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Near singularities may occur in the electronic density of states of crystalline compounds under circumstances described in this paper. Such superdegeneracies are described as they result from simple Hckel treatments of various systems. Although these superdegeneracies are accidental in that they are broken when interactions ignored in the simple Hckel model are restored, large peaks in the density of states remain. The concepts presented are applied to both real and hypothetical cases. Superdegenerate bands are shown to invariably have a nonbonding character which can be fully understood only by consideration of the orbitals available for bonding in the extended structure. While the bands which cause superdegeneracies are flat, the Wannier functions associated with these bands cannot be well localized. The physical implications of this poor localization are discussed. In cases where superdegenerate bands are half occupied, ferromagnetic ground states appear to be favored. Analogies to molecular cases, where the importance of localizability of Hckel nonbonding molecular orbitals has already been closely examined, may point the way for the extension of this work beyond the simple one-electron treatment given here. 1985, American Chemical Society. All rights reserved.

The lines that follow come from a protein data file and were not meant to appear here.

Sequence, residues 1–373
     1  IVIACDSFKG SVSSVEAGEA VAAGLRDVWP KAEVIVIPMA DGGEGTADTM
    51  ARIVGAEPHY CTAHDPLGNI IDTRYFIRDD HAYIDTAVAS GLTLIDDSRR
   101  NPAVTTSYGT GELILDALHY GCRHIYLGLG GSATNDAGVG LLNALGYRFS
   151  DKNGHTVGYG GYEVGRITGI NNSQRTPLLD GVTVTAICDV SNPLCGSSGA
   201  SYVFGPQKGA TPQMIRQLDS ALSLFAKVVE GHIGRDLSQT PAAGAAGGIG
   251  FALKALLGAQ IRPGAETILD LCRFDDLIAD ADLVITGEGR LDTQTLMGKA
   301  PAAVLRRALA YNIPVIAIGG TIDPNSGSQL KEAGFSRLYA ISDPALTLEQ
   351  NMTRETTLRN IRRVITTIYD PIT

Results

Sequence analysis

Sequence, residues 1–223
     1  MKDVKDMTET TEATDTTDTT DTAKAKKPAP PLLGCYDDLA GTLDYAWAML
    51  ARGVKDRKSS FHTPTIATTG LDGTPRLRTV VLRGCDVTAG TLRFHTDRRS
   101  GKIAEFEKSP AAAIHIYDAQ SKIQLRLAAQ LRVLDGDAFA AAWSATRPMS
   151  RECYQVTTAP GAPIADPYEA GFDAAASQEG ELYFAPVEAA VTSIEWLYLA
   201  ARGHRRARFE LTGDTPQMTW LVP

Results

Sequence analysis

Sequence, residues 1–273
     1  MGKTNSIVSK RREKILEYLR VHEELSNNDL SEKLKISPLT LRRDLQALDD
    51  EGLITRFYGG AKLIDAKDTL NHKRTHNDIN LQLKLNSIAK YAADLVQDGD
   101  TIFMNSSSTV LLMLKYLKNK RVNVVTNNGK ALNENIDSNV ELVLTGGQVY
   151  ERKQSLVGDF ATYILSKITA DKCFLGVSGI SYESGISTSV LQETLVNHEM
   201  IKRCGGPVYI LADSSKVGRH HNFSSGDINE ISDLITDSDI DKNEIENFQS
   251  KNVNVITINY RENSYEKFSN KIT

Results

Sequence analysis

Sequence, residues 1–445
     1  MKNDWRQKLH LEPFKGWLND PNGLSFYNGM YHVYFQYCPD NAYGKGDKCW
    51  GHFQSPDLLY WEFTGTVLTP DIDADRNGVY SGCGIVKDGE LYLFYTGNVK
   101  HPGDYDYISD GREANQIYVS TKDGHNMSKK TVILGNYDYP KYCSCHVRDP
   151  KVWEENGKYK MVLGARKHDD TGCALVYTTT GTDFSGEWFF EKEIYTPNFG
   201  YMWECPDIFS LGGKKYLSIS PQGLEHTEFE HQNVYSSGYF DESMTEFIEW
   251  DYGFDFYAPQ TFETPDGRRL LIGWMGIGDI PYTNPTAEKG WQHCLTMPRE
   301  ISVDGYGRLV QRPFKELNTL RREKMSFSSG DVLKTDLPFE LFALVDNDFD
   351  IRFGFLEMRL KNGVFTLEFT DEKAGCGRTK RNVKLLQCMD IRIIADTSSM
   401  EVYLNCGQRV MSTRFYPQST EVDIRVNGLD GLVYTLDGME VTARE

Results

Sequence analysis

Journal of the American Chemical Society
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